Friday, March 17, 2017

Reductionism cannot explain freedom

Scientific reductionism has made dramatic progress in nearly all areas of study, but it has failed to explain human personal freedom. Most people believe that they are rational beings with the agency to make personal choices in their daily lives.

Science has sometimes shown that personal choices are constrained by non-obvious factors, or are misinformed, or are correlated in unexpected ways. Physics predicts the future by setting up time-dependent differential equations. But ultimately people make decisions that do not feel like just the time evolution of the solution to a differential equation.

A barrier to understanding human decisions is consciousness. People collect data through their senses, and we can analyze that. The data enters the brain, and there is some progress in understanding that. But at some point the data enters into a human conscious awareness of possible choices, and the conscious brain makes a decision on its own. How that happens is a total mystery to science.

There is not even a good definition of consciousness, nor any agreement over whether animals and computers are ever conscious. They certainly do not appear to be conscious in the way that humans are, but without a sharp definition, we cannot say.

Maybe some day there will be artificially intelligent computers that are obviously conscious, and maybe there will be a good understanding of what makes a computer conscious, but maybe not. We are not even sure that other people are fully conscious.

Is Hillary Clinton conscious? She was widely regarded by intellectuals as being the most qualified person for the most important job in the world. Surely a top requirement would be for a fully conscious person who can make good decisions. And yet she also appeared fully programmed and predictable, and there was no way to be sure that she ever made any conscious decisions.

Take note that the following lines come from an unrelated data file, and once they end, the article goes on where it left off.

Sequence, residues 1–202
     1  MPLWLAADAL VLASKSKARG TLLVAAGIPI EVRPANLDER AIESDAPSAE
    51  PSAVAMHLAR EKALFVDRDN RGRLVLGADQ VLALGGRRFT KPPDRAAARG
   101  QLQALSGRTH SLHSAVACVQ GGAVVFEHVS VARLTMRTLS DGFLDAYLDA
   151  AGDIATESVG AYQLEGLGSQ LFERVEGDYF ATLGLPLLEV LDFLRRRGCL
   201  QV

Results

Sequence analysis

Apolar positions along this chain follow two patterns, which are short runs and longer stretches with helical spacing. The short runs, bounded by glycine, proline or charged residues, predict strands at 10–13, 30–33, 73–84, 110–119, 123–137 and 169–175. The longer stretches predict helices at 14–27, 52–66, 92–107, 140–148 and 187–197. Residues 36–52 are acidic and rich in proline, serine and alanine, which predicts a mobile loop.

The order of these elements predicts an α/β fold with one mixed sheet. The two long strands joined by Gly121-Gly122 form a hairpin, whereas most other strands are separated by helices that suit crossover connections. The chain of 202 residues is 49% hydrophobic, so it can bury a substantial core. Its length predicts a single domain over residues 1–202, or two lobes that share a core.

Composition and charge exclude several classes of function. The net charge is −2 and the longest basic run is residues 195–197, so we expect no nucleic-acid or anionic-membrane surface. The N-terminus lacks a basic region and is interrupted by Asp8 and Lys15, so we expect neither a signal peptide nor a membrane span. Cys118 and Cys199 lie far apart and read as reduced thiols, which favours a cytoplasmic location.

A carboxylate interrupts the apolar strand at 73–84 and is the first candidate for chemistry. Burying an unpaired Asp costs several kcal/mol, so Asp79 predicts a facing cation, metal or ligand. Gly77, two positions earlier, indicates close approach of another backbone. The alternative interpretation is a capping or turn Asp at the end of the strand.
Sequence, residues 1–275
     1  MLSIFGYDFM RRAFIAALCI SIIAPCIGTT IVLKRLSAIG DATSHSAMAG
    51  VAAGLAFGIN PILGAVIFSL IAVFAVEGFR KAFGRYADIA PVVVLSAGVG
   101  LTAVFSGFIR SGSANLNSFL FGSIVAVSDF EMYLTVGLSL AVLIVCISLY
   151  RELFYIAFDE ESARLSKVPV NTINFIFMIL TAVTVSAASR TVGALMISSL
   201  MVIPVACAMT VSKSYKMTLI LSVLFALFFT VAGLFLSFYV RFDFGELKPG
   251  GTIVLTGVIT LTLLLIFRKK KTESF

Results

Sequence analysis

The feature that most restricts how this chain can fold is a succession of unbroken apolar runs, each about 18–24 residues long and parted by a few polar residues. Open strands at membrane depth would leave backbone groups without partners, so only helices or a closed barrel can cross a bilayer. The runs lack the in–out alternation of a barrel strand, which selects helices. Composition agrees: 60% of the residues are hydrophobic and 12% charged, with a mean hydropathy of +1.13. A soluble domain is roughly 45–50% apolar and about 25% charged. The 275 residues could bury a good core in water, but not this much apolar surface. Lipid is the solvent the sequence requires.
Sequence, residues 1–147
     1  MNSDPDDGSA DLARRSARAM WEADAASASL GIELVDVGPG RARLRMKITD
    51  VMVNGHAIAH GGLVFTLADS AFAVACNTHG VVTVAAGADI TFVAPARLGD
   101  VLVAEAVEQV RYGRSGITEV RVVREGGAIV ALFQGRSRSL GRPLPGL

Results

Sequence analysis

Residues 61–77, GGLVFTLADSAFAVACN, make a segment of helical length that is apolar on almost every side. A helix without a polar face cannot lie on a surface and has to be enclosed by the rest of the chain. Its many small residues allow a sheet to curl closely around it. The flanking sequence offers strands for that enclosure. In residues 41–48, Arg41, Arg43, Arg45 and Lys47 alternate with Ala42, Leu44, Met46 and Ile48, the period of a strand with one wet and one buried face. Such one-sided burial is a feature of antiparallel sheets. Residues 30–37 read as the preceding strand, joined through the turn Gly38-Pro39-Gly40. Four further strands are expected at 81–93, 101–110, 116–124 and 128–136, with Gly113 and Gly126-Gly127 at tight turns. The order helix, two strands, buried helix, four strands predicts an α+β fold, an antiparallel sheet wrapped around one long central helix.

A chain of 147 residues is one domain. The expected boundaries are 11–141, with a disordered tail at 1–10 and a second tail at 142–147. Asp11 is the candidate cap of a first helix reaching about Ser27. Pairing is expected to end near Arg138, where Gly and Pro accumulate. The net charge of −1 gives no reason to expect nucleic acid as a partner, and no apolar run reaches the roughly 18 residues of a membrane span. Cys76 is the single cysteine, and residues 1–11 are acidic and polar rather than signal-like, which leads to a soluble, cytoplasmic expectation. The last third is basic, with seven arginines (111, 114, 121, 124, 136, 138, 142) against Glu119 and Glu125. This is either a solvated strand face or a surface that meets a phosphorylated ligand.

It is not even clear that it makes any sense to have a scientific explanation of freedom. Science is all about reducing observations to deterministic sequences of events. Scientific ideas are demonstrated by doing repeatable experiments.
Freedom is all about not being determined by previous events. Freedom is demonstrated by doing something that no one can predict.

Some people respond to this dilemma by denying that freedom exists. They might say, “I have a rational scientific outlook, and freedom cannot have a scientific explanation, so therefore there is no such thing.”

Or they might argue as follows. There is no god or human soul, so the brain is just a wet computer following the laws of physics. We don’t know how the brain works, but just knowing that it obeys the laws of physics tells us that it is a programmed automaton with no free will of its own because the laws of physics are deterministic.

The laws of physics are not even really deterministic, because of uncertainties from chaos, quantum mechanics, and unknown effects, but that does not faze the people making the anti-freedom argument. Their conception of science and freedom are mutually exclusive, and they would say that freedom is unscientific no matter what the laws of physics are.
Thus explaining freedom is completely intractable. Those who believe in freedom get stuck on the problem of consciousness, and the others get stuck on the problem of scientific repeatability.

Freedom is experienced by everyone who gives a rating to this essay. You can readily find detailed explanations on video display, internet communications, muscle contraction, digital computer processing, electrical power transmission, optics, and everything else related. But when it comes to actually deciding on a rating, science has almost nothing to say.

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